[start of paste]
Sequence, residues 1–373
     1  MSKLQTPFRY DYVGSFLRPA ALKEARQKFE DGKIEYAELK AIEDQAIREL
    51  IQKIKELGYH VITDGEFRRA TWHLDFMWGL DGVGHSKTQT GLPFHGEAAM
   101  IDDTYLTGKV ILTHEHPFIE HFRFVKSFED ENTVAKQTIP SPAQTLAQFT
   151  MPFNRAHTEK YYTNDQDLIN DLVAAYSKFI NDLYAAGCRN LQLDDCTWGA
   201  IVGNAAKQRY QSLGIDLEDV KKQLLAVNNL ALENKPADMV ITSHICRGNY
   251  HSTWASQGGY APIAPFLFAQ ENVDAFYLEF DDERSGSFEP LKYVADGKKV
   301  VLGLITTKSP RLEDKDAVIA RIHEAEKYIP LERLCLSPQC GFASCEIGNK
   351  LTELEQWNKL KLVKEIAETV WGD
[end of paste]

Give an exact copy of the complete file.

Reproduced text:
Sequence, residues 1–373
     1  MSKLQTPFRY DYVGSFLRPA ALKEARQKFE DGKIEYAELK AIEDQAIREL
    51  IQKIKELGYH VITDGEFRRA TWHLDFMWGL DGVGHSKTQT GLPFHGEAAM
   101  IDDTYLTGKV ILTHEHPFIE HFRFVKSFED ENTVAKQTIP SPAQTLAQFT
   151  MPFNRAHTEK YYTNDQDLIN DLVAAYSKFI NDLYAAGCRN LQLDDCTWGA
   201  IVGNAAKQRY QSLGIDLEDV KKQLLAVNNL ALENKPADMV ITSHICRGNY
   251  HSTWASQGGY APIAPFLFAQ ENVDAFYLEF DDERSGSFEP LKYVADGKKV
   301  VLGLITTKSP RLEDKDAVIA RIHEAEKYIP LERLCLSPQC GFASCEIGNK
   351  LTELEQWNKL KLVKEIAETV WGD